Compiled directly from the Chicago Tribune's restaurant reviews, Good Eating's Fine Dining in Chicago is an authoritative collection of the best restaurants in Chicago, including the 2012 and 2013 Michelin-star rated restaurants as well as all of the restaurants rated by the newspaper as four stars. Author and longtime Chicago Tribune dining critic brings the experience of dining in the city's most acclaimed restaurants to life with his warm, accessible writing and extensive expertise. In the past decade, Chicago has become an international destination for fine cuisine, home to master chefs like Rick Bayless, Grant Achatz, and Stephanie Izard. The Chicago Tribune and Phil Vettel have built an insiders' relationship with these top Chicago hotspots, and Good Eating's Fine Dining in Chicago divulges juicy food industry insights along with mouthwatering reviews. This book represents the top tier of dining establishments in the Windy City, in terms of both the highest-quality food and the most innovative and elegant presentation. Organized by types of cuisine, the book reveals a diverse range of fine Chicago restaurants ranging from molecular gastronomy and contemporary American to classic French and new inventive ethnic cuisine. Perfect for both Chicago residents and visitors, Good Eating's Fine Dining in Chicago is a great guide for any lover of gourmet food.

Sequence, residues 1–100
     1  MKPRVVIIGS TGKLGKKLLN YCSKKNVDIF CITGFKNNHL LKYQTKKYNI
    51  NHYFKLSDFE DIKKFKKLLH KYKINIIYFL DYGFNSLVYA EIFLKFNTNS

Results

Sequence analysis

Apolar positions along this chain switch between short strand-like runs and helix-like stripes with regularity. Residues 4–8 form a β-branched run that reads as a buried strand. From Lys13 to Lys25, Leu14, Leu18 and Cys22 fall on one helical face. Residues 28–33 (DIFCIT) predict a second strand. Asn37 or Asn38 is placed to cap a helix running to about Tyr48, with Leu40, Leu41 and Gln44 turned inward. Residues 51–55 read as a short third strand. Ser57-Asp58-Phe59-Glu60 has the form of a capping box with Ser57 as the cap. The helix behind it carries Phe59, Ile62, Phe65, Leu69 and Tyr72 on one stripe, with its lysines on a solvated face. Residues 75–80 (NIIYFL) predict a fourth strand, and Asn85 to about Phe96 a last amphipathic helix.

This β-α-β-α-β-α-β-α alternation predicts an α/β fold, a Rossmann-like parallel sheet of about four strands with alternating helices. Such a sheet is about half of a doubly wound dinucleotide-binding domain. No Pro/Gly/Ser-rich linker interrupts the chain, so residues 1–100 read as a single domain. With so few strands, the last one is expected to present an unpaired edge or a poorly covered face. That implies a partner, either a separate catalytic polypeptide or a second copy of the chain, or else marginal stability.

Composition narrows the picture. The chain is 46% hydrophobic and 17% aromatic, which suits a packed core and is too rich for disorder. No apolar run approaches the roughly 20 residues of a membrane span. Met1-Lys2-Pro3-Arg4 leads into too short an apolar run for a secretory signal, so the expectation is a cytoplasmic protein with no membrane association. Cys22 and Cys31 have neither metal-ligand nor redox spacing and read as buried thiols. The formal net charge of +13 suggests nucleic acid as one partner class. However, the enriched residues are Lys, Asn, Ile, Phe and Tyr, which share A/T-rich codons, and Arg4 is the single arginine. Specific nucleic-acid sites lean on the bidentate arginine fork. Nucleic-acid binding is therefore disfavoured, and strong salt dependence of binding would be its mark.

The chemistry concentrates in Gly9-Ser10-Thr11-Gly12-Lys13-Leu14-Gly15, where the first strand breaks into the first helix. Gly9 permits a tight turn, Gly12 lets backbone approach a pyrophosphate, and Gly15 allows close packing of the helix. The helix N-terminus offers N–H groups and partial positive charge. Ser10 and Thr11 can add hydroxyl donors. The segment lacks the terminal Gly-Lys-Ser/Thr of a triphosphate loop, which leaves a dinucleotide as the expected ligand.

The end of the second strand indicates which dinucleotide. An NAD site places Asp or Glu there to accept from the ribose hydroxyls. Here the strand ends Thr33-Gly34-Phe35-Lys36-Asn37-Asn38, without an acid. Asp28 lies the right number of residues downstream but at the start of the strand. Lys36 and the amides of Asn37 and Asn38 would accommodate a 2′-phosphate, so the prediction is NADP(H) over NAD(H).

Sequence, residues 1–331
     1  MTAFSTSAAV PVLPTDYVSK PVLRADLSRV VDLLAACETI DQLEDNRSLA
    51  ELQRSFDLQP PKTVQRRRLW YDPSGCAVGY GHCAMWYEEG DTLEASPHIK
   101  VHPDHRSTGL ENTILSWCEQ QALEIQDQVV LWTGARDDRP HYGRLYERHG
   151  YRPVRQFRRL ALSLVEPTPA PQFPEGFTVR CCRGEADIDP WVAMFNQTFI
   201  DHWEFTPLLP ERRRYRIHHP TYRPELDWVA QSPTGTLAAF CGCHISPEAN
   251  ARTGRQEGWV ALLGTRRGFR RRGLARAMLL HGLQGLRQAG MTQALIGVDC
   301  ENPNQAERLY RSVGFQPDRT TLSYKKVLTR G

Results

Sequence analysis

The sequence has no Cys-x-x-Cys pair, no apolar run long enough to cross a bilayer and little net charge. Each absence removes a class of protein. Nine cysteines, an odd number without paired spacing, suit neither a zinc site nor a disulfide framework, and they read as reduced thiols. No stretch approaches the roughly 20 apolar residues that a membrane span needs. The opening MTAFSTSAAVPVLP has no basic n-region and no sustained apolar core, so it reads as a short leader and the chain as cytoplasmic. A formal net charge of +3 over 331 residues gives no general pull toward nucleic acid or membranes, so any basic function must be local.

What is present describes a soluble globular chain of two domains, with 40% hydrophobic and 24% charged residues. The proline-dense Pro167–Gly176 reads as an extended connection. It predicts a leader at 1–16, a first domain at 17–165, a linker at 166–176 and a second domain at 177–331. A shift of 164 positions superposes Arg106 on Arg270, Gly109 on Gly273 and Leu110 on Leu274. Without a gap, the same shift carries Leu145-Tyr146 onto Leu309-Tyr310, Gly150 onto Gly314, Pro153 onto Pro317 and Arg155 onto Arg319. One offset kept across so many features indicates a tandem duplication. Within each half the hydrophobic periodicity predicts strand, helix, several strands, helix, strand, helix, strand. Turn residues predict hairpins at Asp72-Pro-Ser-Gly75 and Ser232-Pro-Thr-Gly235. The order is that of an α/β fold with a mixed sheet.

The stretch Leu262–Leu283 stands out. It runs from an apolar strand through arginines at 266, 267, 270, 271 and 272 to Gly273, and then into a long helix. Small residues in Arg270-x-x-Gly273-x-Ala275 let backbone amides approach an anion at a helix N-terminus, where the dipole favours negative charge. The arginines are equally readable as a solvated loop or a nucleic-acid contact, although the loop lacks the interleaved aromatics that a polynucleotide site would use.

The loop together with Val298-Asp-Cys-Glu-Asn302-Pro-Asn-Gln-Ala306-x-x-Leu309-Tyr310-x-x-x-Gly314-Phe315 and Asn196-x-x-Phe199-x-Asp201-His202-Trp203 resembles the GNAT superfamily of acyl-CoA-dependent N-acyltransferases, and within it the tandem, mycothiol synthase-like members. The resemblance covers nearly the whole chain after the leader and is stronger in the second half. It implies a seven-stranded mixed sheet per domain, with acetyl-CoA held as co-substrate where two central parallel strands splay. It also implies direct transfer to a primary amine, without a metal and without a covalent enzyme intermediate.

In this, it's first new cookbook in more than a decade, the Chicago Tribune offers 50 of the very best recipes from the pages of the paper’s weekly Good Eating section. The Tribune remains one of the few newspapers in this country with its own working test kitchen, which ensures that the recipes are accurate and reliable. Each year, staff members choose their favorites. Now, the best of those winning recipes are compiled in a book that reflects how we having been cooking--and eating--over the last decade. The book features recipes from across the wide range of common kitchen offerings: starters, meat and poultry dishes, seafood, pasta, rice, side dishes, salads, baked goods, and desserts. In addition, a section on menu planning offers readers ideas for entertaining. Among the recipes featured: Mac and cheese with bacon and tomato Sesame bok choy Napa slaw with charred salmon Chicken cacciatore with red and yellow peppers Homemade maple-sage sausage Strawberry shortcake muffins Chocolate peanut butter pots de crème This book is sure to have broad appeal with home cooks and food enthusiasts across the country and around the world.